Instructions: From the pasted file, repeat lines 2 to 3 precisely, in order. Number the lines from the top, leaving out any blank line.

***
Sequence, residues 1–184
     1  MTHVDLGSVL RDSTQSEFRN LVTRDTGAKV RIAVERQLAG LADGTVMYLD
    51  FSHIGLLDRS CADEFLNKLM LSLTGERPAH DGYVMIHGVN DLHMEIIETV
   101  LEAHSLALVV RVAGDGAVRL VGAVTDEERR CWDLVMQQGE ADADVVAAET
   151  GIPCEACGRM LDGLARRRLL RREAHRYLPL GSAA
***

     1  MTHVDLGSVL RDSTQSEFRN LVTRDTGAKV RIAVERQLAG LADGTVMYLD
    51  FSHIGLLDRS CADEFLNKLM LSLTGERPAH DGYVMIHGVN DLHMEIIETV